Germany imposes capital gains taxes on profits from selling financial instruments, such as stock shares or bonds, only if the purchase date was after 2008. Taxation on other capital gains depends on the length of time held. Germany does not impose a tax on profits from real estate sales if the owner owns the property for ten years or more. For complete details, consult the German Federal Ministry of Finance at German Federal Ministry of Finance at www.bundesfinanzministerium.de.


Capital gains on the sale of equities are tax-exempt if the owner sells shares through the recognized stock exchange and pays ST Tax on the deal, and if the holding period was one year or more. Gains from shorter-term ownership may be taxable. Tax requirements for sale of other capital investments, such as real estate, or bank deposits, may be taxed depending again on the period of ownership. For complete details, consult the Indian Department of Revenue at www.incometaxindia.gov.in.


The Republic of Ireland imposes a 25% tax on capital gains, but there are some exclusions and deductions. Exemptions include, for example, selling agricultural land, or a primary residence, or for transfers between spouses. The tax rate on certain kinds of investments, however, ranges from 23% to 40%. For complete details consult Irish Tax and Customers Revenue at www.revenue.ie/en.


Israel imposes a flat 20% tax rate on capital gains.


Italy imposes a capital gain tax of 27.5% on corporations and a capital gains tax of 12.55% on individuals, with specific exemptions and conditions. For complete details consult the Italian Ministry of Finance.


Malaysia currently does not impose a capital gains tax for sale of equities, but it does require a 5% tax on profits from real estate sales if the owner holds the property for less than five years. For complete details consult the Inland Revenue Board of Malaysia at www.hasil.gov.my.


With certain exceptions, there is no capital gains tax in the Netherlands. For complete details consult the Netherlands Ministry of Finance.


New Zealand generally does not have a capital gains tax, per se, except that the country does tax a few classes of gains such as those from selling shares, as ordinary income. For complete details consult New Zealand Inland Revenue at www.ird.govt.nz.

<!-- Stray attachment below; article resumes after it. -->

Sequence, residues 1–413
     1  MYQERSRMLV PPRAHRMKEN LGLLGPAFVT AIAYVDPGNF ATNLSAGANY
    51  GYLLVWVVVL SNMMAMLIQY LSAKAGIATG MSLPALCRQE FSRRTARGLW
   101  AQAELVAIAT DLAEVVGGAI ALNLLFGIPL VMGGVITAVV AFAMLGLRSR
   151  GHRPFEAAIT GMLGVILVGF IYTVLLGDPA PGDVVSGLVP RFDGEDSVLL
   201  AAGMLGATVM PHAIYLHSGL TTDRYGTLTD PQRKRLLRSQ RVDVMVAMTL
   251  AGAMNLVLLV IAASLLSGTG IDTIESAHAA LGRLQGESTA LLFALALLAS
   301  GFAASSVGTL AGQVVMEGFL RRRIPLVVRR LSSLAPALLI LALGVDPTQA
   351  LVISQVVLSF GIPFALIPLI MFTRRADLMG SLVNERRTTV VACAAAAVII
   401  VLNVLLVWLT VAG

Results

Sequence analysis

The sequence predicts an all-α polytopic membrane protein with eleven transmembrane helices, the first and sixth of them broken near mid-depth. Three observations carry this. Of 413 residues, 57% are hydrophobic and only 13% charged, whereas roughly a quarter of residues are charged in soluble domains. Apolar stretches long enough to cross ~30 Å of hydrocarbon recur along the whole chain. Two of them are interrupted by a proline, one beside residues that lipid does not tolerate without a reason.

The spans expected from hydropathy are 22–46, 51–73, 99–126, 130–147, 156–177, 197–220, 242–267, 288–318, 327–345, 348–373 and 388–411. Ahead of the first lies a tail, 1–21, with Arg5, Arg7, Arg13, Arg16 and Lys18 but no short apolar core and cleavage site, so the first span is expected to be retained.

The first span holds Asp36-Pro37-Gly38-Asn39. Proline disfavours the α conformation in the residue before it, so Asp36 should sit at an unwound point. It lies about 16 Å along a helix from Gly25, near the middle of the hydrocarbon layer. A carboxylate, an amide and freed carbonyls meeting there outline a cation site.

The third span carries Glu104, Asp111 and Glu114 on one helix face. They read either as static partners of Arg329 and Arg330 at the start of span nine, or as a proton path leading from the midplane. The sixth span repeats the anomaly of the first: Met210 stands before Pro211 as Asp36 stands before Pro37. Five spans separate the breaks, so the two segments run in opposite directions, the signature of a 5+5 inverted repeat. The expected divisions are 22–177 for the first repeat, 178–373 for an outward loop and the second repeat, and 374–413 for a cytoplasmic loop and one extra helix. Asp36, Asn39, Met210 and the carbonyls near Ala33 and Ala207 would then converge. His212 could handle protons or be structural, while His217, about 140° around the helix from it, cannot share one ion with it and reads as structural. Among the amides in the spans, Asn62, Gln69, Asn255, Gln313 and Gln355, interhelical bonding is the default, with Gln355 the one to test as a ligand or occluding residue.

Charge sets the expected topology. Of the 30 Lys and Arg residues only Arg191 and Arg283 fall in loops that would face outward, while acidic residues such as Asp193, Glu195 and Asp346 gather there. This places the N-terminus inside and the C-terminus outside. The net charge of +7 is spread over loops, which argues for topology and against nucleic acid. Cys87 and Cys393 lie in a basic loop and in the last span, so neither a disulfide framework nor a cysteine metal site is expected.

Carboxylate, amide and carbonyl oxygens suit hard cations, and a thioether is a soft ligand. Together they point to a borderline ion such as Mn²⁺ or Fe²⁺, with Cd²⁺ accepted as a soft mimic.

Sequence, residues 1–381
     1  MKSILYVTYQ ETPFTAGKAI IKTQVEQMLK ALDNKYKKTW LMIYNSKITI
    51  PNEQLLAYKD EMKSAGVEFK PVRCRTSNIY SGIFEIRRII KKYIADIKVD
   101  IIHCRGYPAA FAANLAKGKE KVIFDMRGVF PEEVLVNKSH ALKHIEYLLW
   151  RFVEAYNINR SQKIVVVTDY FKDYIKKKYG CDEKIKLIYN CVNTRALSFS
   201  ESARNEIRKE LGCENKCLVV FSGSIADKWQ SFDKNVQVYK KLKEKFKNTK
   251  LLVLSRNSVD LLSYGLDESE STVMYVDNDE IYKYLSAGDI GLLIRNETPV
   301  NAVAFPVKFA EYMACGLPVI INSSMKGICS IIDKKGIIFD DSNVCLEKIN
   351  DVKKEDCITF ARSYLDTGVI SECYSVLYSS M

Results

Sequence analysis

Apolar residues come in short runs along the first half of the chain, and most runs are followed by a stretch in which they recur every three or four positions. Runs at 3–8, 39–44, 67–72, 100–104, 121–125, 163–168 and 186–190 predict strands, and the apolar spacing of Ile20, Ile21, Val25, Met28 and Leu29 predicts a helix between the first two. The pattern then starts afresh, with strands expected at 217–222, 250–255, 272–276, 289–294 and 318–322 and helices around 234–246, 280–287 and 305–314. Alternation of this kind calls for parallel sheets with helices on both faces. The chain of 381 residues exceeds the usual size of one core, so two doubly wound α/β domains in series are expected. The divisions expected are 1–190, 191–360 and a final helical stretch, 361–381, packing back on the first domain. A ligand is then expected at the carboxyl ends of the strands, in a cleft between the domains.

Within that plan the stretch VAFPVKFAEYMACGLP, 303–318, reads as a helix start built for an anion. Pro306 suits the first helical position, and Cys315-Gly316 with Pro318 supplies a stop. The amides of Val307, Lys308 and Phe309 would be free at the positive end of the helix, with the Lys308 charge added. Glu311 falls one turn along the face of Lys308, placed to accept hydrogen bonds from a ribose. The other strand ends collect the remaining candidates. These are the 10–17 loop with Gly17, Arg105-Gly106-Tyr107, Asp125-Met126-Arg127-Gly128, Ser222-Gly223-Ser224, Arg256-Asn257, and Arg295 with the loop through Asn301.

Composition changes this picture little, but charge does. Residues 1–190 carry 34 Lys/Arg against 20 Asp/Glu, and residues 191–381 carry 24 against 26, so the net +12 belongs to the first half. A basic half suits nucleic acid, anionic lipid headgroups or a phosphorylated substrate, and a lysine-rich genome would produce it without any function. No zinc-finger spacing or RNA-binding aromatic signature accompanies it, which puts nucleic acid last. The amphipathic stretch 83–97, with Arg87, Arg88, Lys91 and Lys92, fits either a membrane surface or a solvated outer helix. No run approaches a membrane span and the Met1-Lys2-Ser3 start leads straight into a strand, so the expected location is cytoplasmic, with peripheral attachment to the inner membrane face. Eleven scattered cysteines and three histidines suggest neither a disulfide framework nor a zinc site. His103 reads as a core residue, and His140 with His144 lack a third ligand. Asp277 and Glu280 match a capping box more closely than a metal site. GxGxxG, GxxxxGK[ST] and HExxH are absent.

In Norway, individuals are taxed at a 28% rate for capital gains, although there are exemptions (e.g., from selling a principal home). Norway imposes taxes on companies for profits from selling shares or bonds, or for interest income. For complete details consult the Norwegian Ministry of Finance at www.skatteetaten.no.


Singapore does not generally impose a capital gains tax. For more details consult the Inland Revenue Authority of Singapore at www.iras.gov.sg.


Sweden imposes a 30% tax on capital income. For complete details consult the Swedish Tax Agency at www.skatteverket.se.


Swiss residents pay no capital gains tax, except in some cases for a capital gains tax on property sales, depending on how long the owner holds property, and also depending on which canton the transaction occurs in. Corporations pay the same tax on capital gains as on ordinary income. For complete details consult the Swiss Federal Department of Finance at www.efd.admin.ch.


Individuals and corporations in the UK are liable for capital gains taxes, under a complex rate system, which takes into account such factors as the nature of asset or property sold (e.g., stock shares or private residence), the taxpayer's basic tax rate, year of asset acquisition, and many other factors. For complete coverage consult the UK Department of Inland Revenue a twww.hmrc.gov.uk. Search for "capital gain."


In the United States, individuals and corporations are generally taxed for capital gains at the same rate as for ordinary income, except that individuals may receive a reduced tax rate if the owner holds the property for more than one year. For complete details, consult the US Internal Revenue Service at www.irs.gov, and especially IRS publication 550, Investment Income and Expenses, at  www.irs.gov/publications/p550/index.html.

For more specifics on the tax consequences of capital gains or losses, consult your country's tax authorities.